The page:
Other recent directory editorial includes the following:
- has real poise such as is rarely seen in someone of her call;
- very thorough on mental health cases;
- really intelligent and has a real grasp of complex legal issues;
- a favourite of the Official Solicitor;
- very confident, meticulous and fluent as a speaker;
- she punches above her weight;
- her approach is very pragmatic;
- a strong public lawyer;
- gets cases above her call;
- she’s able to deal with clients very easily;
- a real problem-solving approach to cases;
- very highly regarded;
- admirable on her feet; and
- you get better outcomes because she thinks about the real implications of everything.
Advocacy is more than speaking in court. It’s how we shape the many elements of the case right from the start, so that when the judge is reading, they are part persuaded before we even walk into court. I like to have input early on, and to work closely with my instructing solicitors on evidence and expert instructions.
Doing this job well is about much more than legal advice and advocacy. Where for example a care home is facing increasing pressure from the CQC, where there is local authority and sometimes police action in the background, I like to be involved in creating a strategy together with my clients to help restore the home to health: not just firefight an impending cancellation.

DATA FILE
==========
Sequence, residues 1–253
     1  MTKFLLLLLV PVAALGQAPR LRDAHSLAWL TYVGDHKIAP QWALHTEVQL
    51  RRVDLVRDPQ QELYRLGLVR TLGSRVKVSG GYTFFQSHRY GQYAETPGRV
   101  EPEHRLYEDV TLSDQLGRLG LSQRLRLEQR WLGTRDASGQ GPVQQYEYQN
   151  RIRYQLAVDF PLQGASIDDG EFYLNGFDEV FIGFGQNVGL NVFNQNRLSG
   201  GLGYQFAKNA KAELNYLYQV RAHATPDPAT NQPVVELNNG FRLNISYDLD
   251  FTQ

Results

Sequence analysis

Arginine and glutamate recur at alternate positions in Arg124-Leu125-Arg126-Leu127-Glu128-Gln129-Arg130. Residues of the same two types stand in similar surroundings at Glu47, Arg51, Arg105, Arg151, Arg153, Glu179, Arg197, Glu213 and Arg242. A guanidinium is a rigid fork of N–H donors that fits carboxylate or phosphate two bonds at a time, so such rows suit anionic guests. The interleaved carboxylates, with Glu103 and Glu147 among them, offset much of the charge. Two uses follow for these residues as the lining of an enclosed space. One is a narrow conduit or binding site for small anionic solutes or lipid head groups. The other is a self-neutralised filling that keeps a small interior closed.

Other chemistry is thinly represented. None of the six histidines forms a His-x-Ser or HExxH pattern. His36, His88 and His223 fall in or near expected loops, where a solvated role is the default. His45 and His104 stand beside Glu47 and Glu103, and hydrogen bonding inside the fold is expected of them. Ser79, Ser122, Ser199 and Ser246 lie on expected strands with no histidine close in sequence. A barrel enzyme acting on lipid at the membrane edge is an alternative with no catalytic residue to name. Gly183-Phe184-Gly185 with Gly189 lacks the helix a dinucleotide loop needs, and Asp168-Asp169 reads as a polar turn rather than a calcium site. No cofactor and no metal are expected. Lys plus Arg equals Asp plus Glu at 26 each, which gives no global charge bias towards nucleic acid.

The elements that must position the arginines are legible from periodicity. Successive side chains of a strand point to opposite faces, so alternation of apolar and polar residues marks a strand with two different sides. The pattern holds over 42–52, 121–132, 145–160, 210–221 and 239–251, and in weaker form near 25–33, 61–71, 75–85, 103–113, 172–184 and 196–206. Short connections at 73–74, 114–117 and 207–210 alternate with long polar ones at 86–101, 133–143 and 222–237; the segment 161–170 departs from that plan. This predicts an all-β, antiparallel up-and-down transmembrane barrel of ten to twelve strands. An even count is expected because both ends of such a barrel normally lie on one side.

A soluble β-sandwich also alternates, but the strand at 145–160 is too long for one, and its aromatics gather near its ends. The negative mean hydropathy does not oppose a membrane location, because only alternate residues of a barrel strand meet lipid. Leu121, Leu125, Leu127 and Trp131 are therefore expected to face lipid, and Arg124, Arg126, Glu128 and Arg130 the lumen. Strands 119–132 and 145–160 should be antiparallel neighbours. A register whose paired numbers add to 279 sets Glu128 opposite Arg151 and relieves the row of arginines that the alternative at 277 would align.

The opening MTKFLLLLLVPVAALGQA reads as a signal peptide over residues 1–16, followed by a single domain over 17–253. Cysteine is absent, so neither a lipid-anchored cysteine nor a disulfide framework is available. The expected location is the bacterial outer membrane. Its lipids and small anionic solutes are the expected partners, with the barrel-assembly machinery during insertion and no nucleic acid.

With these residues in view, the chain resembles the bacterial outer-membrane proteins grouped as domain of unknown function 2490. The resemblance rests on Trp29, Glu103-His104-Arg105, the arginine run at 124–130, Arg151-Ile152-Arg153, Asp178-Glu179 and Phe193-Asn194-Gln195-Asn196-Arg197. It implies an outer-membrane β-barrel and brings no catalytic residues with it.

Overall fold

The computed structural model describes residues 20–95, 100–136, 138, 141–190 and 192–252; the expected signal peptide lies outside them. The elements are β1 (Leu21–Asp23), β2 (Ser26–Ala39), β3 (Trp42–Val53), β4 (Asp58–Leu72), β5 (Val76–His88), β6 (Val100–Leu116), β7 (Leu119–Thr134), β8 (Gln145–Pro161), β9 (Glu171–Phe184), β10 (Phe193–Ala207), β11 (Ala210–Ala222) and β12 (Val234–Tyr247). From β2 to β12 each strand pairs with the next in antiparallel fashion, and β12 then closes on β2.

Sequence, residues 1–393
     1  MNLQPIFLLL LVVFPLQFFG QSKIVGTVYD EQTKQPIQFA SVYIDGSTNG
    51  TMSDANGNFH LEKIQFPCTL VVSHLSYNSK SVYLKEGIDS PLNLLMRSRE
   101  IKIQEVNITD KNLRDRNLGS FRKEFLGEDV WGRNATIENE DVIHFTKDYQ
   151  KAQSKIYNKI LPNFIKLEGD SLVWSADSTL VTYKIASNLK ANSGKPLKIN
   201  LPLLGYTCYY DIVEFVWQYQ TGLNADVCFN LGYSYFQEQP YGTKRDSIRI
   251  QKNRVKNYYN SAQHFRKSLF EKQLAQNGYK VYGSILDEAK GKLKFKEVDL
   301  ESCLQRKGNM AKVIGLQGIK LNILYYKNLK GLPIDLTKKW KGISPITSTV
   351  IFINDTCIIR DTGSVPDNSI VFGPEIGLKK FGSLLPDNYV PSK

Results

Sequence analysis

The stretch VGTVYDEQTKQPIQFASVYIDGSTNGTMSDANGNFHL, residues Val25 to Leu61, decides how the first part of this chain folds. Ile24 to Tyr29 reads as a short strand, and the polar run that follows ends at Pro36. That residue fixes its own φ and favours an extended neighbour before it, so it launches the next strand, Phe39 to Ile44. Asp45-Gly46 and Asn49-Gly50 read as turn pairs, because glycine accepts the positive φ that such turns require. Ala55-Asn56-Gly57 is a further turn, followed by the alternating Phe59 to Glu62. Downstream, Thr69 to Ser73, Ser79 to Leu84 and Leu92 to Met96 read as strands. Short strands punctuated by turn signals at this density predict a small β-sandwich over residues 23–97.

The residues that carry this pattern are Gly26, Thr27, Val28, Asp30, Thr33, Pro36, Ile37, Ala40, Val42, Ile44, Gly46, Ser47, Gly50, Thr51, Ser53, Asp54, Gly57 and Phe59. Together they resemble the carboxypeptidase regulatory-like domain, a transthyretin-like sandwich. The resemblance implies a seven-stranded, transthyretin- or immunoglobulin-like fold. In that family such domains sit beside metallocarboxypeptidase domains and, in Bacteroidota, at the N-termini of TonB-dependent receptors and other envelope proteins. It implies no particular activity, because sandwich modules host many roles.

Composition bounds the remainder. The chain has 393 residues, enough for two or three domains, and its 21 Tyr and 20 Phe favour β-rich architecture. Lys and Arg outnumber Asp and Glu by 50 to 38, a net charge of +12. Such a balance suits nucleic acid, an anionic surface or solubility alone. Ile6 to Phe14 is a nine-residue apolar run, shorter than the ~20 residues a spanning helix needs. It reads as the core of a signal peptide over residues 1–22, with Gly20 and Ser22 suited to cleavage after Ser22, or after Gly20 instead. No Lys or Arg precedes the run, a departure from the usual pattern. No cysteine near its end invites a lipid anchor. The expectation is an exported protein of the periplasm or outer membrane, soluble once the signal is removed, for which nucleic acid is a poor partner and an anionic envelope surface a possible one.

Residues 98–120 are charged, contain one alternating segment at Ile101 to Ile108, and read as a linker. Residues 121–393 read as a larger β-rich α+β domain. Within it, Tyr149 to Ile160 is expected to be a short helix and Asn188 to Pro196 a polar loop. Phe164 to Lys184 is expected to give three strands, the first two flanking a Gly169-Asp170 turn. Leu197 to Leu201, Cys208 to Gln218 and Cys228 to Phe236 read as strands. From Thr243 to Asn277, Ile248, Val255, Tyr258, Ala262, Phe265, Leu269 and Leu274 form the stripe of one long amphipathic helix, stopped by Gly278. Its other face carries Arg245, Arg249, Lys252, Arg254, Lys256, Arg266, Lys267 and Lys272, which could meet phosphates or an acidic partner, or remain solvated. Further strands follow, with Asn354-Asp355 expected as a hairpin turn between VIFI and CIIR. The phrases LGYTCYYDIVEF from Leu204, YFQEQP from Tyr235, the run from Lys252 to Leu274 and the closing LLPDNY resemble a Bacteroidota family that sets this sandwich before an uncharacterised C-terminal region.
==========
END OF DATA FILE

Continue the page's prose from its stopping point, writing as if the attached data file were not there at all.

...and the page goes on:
Time management is key. I prefer to have specific time booked out of my diary to dedicate to the preparation of a client’s case.
“I like to be involved in creating a strategy together with my clients.”
My clients are more than ‘consumers’. When I’m acting for individuals this is obvious. But a lot of my work is for the public sector. If an NHS Trust is involved in a difficult inquest with 14 witnesses over multiple days, the stress in that group can be running high. Part of the role is providing leadership before and during the inquest, enabling people to give their best evidence.